Market Extra: Biden advantage? Here’s what market analysts are saying about a chaotic presidential debate

Wall Street waits on the U.S. election


bryan r. smith/Agence France-Presse/Getty Images

The day after what many are calling a chaotic and contentious presidential debate, analysts are nose to the grindstone, trying to figure out what, if anything, it means for markets and the coming election.

U.S. stock futures
YM00,
-0.67%

ES00,
-0.56%

NQ00,
-0.65%

fell on Wednesday, with European stocks
SXXP,
-0.39%

also dropping, as investors reeled from the back-and-forth arguing between incumbent President Donald Trump and Democratic contender Joe Biden, which never managed a proper debate on the key topics.

Stocks may be playing into history’s hands for Wednesday. On average, going back to 1960, the S&P 500 has tended to fall the day after an election. Returns have also been lower in the 5-day, 10-day, and one-month period.

Here’s a round up of what analysts on Wall Street and elsewhere are saying about that exchange:

“Perhaps the only point worth mentioning is that the debate may have increased expectations for a contested election result. International investors have been prepared to entertain some extreme views on this topic (just as they entertained extreme views on the future of the euro area in the past). Given the importance of international investors to U.S. markets, this may add volatility around the election.” — Paul Donovan, chief economist at UBS Global Wealth Management.

“On the margin, Trump’s more assertive stance, and Biden’s measured responses, may have exacerbated some voter concerns over Biden’s age. That said, we believe the debate probably did not shift enough voters to change the current base case of Biden winning in November.” — team of Nomura economists led by Lewis Alexander.

“If last night’s Presidential debate was supposed to inform and educate, all it did was merely confirm the credibility deficit in U.S. politics, as President Trump, and Democrat nominee Joe Biden engaged in what can only be described as a fact free name calling contest… the fractious nature of last night’s so-called debate raises questions as to the outcome of next month’s election, as well as the prospect of an imminent stimulus deal.” — Michael Hewson, chief market analyst at CMC Markets.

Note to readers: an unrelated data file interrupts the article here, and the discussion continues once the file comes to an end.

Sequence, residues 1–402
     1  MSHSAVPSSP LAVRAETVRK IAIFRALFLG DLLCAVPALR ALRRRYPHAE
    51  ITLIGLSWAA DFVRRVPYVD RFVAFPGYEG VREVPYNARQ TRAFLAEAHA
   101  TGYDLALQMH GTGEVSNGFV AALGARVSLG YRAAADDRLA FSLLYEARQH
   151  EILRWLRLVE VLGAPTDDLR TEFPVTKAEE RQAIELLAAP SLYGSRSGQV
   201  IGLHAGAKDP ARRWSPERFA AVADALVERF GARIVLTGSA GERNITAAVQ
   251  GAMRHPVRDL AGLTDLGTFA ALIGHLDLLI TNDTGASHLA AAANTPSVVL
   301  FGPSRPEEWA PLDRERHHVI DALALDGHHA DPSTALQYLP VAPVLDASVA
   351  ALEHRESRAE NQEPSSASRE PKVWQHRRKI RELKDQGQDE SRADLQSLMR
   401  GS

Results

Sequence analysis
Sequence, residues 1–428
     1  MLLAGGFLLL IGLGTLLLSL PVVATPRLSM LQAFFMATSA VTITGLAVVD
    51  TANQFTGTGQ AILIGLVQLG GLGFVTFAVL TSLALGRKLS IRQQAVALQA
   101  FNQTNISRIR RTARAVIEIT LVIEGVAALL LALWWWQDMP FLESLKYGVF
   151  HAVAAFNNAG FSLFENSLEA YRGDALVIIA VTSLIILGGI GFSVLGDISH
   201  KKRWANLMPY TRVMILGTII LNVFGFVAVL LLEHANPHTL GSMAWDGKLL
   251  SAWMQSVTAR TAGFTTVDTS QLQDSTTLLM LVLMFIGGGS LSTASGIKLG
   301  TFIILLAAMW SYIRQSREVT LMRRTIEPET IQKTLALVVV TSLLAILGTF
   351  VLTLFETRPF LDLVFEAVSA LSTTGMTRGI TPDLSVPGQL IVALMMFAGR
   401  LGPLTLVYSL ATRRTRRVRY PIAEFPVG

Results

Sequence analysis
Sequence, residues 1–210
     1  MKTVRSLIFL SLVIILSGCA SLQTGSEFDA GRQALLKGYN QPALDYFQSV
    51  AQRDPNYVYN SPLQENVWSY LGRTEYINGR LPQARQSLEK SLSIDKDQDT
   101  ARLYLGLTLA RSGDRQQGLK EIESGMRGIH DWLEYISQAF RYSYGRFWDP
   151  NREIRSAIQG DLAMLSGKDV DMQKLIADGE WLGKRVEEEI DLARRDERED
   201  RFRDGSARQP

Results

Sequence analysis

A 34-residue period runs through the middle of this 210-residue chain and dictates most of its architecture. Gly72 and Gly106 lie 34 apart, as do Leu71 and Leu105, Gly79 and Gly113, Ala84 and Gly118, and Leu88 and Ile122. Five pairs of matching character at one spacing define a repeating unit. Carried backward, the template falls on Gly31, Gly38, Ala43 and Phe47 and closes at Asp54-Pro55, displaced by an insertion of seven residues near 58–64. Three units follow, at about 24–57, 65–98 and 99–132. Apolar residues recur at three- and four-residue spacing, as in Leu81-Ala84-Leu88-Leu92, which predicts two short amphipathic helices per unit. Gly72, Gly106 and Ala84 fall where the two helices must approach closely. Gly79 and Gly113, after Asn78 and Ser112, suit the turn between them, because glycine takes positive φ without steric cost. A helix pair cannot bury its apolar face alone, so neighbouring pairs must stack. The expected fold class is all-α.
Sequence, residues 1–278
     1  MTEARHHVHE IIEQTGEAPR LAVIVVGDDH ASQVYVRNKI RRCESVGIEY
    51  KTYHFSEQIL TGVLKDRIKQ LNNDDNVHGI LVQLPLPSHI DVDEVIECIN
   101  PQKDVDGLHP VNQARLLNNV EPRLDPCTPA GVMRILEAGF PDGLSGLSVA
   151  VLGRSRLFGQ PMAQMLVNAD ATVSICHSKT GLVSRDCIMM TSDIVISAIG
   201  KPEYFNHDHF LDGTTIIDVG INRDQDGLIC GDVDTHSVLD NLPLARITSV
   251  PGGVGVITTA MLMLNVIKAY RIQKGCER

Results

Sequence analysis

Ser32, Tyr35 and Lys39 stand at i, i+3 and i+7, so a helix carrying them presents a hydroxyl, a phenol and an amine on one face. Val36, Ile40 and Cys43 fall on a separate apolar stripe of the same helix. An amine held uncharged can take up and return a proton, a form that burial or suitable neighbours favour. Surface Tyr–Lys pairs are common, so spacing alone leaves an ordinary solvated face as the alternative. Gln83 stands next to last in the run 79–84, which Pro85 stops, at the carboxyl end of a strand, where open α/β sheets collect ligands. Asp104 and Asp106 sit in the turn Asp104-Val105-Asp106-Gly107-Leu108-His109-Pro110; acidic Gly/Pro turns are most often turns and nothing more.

“In a raucous debate that was indeed full of shouting, it is unclear that either President Trump or Vice President Biden changed the trajectory of the election last night…There was very little substance in the debate and almost no new information proffered. The story of the debate will likely surround the president’s consistent interruption, though Mr. Biden was not able to stay above the fray and traded insults at times with Mr. Trump. Acrimony ruled.” — Deutsche Bank strategists Jim Reid, Craig Nicol and Henry Allen.

“Pollsters point toward a potential Biden gain in the polls following yesterday’s debate with Donald Trump, with the president’s erratic style likely helping Biden to shift the focus away from his often lackluster memory and debating abilities. With less than five weeks left until the election, we are seeing a president that increasingly speaks of voter fraud, which appears to show a candidate laying the groundwork for defeat.” — Joshua Mahony, senior market analyst at IG.

“U.S. equity futures displayed considerable volatility during the presidential debates overnight, first spiking slightly higher before falling sharply later after the end of the debate, perhaps as Biden put in a sharper performance than expected in what was deemed a chaotic debate, making it less likely that his considerable lead in the polls will falter in the end run into the election.” — John J. Hardy, head of FX strategy at Saxo Bank.

“This debate has had only a marginal impact on voters and failed to land a decisive blow on the lead of Joe Biden. The odds are that the same will happen in the next two but again Joe Biden’s lead remains at risk.” — Sebastien Galy, senior macro strategist at Nordea Asset Management.